The Experience Of A Japanese Ryokan

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Visitors to Japan quickly discover something unusual about some hotels when they are booking a room; many offer a choice between western and traditional Japanese accommodation. The latter is a spin on the traditional ryokan, or a Japanese inn, decked out with tatami mats, raised sleeping platforms and futon mattresses which are packed away during the day to provide the guest with a "living" space. But staying in a real ryokan embodies the very essence of Japan, and is an ideal way of embracing its culture and customs. There are over thousands of them scattered across the country, and around 1,500 which are quality establishments belonging to the Japan Ryokan Association. A ryokan experience goes way beyond sleeping a night in a room, however. It involves immersing yourself into Japanese customs, from leaving your shoes in the entry way of your room (so as not to damage the delicate tatami mats), and enjoying a hot spring bath, called an onsen, after dinner. A word of warning, though - many of the people working at true ryokans do not speak English, but this just adds to the flavour of the authentic experience.

Hanayashiki Ryokan

On one trip to Japan, we set aside one night to stay at a famous ryokan in Uji, Kyoto, called Hanayashiki. After spending several days in luxurious western-style accommodation in Kyoto, my first impression of the room was definitely a culture shock. Ryokans in general bring new meaning to the word minimalist; just entering one feels like you are leaving the modern world behind and returning to a bygone era steeped in tradition rather than comfort. There's almost a religious feel to it, where the serenity forces you to drop the tone of your voice a notch or two. The room we had booked was spacious, warm, softly lit and ultimately spartan. In the middle of a floor adorned with a beautiful mosaic of beige coloured tatami mats, was a low level wooden table and two legless chairs with cushions; that was basically it! But this isn't a room designed for lounging in front of a flat screen TV, tapping away on a computer, or making phone calls. It's an oasis away from the bustle of modern life, and a place to relax and reconnect. And you don't need a lot of pretty furniture for that. The expansive view of the Uji River, the calming sound of running water, and the pink hue of early cherry blossoms outside the window below quickly demands your attention.

The Ritual Of Dining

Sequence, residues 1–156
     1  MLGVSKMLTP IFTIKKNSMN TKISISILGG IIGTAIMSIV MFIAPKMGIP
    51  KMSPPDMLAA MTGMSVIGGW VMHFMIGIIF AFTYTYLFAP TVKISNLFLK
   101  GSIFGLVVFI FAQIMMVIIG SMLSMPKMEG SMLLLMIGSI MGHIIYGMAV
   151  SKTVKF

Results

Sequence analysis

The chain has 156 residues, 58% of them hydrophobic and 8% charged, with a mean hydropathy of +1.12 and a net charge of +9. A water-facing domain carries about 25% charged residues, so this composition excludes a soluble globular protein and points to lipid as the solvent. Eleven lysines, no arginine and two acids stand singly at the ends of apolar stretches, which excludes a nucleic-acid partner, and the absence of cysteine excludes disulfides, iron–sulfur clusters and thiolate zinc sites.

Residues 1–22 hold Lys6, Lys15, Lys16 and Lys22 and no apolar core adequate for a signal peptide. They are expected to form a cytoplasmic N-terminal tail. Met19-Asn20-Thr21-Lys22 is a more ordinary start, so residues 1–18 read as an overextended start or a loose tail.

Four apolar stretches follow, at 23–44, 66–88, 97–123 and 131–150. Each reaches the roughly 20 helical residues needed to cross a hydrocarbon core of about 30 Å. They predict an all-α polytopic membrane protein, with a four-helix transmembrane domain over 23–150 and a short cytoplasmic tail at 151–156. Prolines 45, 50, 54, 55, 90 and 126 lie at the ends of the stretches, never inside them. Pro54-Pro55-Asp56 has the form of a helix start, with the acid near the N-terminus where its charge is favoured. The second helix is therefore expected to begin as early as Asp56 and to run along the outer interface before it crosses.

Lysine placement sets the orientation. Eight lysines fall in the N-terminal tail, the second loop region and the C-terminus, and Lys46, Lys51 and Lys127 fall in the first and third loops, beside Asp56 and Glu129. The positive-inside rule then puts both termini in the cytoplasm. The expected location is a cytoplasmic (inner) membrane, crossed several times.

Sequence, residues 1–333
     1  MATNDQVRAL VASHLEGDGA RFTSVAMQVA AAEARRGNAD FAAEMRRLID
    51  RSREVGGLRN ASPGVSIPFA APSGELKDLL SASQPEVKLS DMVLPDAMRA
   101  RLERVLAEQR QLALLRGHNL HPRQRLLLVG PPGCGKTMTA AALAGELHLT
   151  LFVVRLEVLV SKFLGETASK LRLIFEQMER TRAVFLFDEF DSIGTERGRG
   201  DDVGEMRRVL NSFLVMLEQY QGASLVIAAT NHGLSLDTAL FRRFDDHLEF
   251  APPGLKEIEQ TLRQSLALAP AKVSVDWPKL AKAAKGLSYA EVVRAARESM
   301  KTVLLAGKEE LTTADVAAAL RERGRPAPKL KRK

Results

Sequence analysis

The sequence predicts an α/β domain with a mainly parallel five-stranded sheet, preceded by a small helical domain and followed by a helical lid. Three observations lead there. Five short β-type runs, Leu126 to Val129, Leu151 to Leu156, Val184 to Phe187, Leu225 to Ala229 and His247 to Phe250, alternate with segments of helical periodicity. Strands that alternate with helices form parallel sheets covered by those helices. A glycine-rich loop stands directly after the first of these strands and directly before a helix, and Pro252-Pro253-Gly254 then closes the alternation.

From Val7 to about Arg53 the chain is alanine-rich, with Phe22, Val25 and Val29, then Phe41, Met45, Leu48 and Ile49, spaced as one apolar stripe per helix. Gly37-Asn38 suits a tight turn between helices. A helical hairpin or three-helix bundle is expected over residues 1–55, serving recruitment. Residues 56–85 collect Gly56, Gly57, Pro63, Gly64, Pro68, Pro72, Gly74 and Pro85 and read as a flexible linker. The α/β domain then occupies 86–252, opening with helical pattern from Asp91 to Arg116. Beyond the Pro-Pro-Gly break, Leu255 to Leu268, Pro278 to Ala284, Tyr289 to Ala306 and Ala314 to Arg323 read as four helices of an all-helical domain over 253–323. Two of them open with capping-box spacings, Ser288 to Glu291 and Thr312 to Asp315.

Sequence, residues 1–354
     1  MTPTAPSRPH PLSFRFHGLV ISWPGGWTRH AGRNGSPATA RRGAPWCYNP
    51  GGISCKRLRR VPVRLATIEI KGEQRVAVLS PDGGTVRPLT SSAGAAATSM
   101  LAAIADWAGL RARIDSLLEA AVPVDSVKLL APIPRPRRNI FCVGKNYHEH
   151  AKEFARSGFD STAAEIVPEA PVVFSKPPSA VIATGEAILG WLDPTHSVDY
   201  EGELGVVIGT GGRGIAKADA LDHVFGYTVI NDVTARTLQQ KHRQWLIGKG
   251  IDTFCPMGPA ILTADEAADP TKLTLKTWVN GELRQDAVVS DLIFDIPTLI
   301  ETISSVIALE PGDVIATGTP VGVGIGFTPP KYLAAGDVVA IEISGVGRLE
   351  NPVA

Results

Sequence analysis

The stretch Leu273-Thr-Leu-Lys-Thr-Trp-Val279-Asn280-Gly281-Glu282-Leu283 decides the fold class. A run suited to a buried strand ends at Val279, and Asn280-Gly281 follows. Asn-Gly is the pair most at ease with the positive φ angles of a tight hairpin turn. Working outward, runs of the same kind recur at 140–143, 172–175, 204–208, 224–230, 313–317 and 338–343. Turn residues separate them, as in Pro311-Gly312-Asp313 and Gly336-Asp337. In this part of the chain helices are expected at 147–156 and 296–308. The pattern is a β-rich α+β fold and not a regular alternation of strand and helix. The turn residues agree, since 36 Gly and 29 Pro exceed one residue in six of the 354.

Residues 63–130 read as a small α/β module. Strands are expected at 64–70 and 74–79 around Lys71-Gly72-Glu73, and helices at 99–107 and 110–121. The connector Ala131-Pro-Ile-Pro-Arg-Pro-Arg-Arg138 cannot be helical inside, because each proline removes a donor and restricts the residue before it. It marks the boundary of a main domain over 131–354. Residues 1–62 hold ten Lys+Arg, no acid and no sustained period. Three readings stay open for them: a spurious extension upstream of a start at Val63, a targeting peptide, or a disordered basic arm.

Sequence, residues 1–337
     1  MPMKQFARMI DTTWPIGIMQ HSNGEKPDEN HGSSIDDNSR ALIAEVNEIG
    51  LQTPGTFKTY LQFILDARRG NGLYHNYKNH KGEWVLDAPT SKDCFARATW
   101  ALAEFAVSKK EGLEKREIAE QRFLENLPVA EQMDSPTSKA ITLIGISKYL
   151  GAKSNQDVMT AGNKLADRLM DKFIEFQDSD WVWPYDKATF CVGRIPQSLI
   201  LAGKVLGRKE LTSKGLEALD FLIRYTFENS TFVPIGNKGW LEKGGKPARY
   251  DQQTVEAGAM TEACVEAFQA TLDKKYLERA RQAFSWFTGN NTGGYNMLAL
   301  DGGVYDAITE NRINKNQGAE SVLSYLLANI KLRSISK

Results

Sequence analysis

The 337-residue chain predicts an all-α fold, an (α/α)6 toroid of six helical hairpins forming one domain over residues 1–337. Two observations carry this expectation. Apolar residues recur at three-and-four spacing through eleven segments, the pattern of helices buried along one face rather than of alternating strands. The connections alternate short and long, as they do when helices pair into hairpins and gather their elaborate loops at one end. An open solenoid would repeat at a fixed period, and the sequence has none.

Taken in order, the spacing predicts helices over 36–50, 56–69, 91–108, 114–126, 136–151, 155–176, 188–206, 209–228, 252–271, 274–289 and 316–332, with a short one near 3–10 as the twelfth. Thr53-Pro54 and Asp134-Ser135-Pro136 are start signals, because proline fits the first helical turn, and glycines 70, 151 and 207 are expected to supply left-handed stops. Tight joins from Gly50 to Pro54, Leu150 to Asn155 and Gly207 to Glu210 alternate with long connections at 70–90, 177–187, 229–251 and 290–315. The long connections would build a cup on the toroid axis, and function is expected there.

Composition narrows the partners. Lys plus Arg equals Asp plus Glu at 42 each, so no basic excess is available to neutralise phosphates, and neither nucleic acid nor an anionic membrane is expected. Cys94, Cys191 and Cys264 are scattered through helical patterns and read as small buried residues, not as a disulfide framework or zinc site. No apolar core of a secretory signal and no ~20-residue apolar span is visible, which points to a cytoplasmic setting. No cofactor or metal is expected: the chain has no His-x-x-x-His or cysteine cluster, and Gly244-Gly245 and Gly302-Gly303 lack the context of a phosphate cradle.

Dinner and breakfast were included at this ryokan, and for dinner there are options. You can choose to eat in the privacy of your room, in the restaurant, or if you are part of a group, in one of the ryokan's private rooms. In your room or a private room, the seating is traditional Japanese using a low level table and legless chairs with cushions. Once you get used to sitting on the floor, it's surprisingly comfortable, and you can sit either the way the Japanese do, with your feet tucked under you, or with your legs crossed. Dinner is a set-menu smorgasbord in typical Japanese style, with a healthy focus on fish and vegetables. A large number of small courses are served over a long period time, including miso soup, sashimi, steamed fish and tofu, hot pot, vegetables, rice and fresh fruit. The emphasis is on local, fresh produce, always freshly cooked and delicious. The following morning, breakfast can be taken in your room or in the restaurant, and is also traditional Japanese featuring fish of some kind and rice among other things. And it's perfectly acceptable to wear your kimono to enjoy it. 

The Ritual Of Onsen 

After dinner in a ryokan, it is traditional to enjoy the onsen, or hot baths. Japan is famous for its many hot springs which are underground, warmed volcanically, and rise to the surface naturally heated. Many ryokans cluster around these springs as they are used for therapeutic purposes as well as for relaxation. In some ryokans, however, the baths aren't derived from hot springs but simple large tubs. Although some ryokans provide an individual bath for each guest room, or for family use, mostly they are communal with separate ones for men and women. You go along in your kimono, remembering to bring the modesty towel from your room with you, and you undress in a dressing room before entering the bath. If you are not comfortable with nudity, it's acceptable to wear a swimsuit. There is a certain etiquette surrounding onsen in Japan, however. One is that you should wash yourself properly before entering the tub. The bath is surrounded by a lot of washing stations, which commonly have a mirror, a hand-held shower head, soap, shampoo and a stool to sit on, and Japanese people usually wash themselves sitting down.

Would I Like It?

Spending one night at a ryokan offers western visitors to Japan a wonderful opportunity to step back in time, embrace tradition and custom, and enjoy a multi-faceted slice of Japanese culture in one experience. It is truly essential for anyone who wants to experience the true essence of Japan. For more information visit


Joanna Hall


  • 5
    Loved It

    Posted by ShirleyK on 20th Nov 2018

    I have stayed at a place like this outside of Tokyo and it was a brilliant experience from the food to the onsen. Would highly recommend it, just don't forget your modesty towel and don't plan on sleeping much if you're not used to a futon bed!

  • 5
    Want To Do This Next Time

    Posted by Jenny on 20th Nov 2018

    My partner and I visit Japan at least once every 18 months....we love it.....but we have never done this. I always thought unless you speak Japanese it might be difficult. I am inspired now to make sure we allocate a couple of day somewhere cool like Kyoto to have this experience. Thanks for sharing Ultimate Travel!